Marketing and promotional activities surrounding World Cups and similar sporting events can be highly lucrative and, as a result, are always tightly regulated. With special Russian legislation in force, the 2018 World Cup in Russia will be no different.
With more than one billion fans tuning in to watch the final of the 2014 FIFA World Cup in Brazil, reaching a global in-home audience of 3.2 billion people, it is no wonder that companies from all over the world are keen to try to get a slice of the action at high profile sporting events. A small few will be official partners, meaning they are granted specific marketing opportunities and the right to use certain intellectual property rights in return for significant financial or other contributions. Others will attempt to "piggy-back" on the event in clever ways where they are unable or unwilling to pay the high financial costs of official partnership.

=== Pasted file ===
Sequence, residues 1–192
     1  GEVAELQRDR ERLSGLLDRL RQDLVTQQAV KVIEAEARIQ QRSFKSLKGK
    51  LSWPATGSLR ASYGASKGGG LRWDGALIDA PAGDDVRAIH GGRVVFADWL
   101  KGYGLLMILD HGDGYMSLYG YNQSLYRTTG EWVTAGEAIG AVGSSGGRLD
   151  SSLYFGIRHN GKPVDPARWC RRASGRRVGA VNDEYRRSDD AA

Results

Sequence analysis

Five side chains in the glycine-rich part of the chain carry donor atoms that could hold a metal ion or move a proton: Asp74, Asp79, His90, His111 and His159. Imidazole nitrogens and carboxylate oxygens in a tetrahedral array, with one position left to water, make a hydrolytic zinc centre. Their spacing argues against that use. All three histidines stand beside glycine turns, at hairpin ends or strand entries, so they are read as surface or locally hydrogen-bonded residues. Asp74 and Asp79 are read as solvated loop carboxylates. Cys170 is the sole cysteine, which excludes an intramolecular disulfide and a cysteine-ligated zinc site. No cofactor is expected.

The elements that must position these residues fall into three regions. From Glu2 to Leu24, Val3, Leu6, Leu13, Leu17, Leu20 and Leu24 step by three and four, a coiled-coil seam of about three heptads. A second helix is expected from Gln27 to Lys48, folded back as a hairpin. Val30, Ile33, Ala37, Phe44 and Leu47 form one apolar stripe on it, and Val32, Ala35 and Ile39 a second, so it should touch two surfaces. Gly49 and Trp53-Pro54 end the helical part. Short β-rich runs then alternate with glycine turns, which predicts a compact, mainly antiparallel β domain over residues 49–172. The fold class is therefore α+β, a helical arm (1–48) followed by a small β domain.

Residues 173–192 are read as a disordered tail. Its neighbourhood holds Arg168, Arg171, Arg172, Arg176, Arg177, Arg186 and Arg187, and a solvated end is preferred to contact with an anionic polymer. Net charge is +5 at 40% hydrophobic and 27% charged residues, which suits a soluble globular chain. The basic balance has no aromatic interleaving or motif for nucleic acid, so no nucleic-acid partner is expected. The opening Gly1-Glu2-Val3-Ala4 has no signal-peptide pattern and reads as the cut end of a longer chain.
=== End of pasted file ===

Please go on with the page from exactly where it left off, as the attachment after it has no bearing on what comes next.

So, what can companies do and not do in terms of marketing and promotional activities at major sporting events, including the upcoming 2018 FIFA World Cup in Russia?
Ambush marketing and the law
Ambush by association
This is a planned attempt by a third party to associate itself, directly or indirectly, with the World Cup and/or participants to try to gain the recognition and benefits associated with being an official partner.
Key example - A week before the 2014 World Cup began, Beats by Dr Dre, an electronics and headphones company, released a YouTube clip called "The Game before the Game". This showed a variety of World Cup stars preparing for the competition while pictured with the brand's headphones. As Beats by Dr Dre was not an official sponsor, it was accused of taking the spotlight from Sony, the official sponsor of the competition. However, no official action was ever taken, mainly because there was no actual reference to the event.
There are several legal controls used to try to stop ambush by association, including: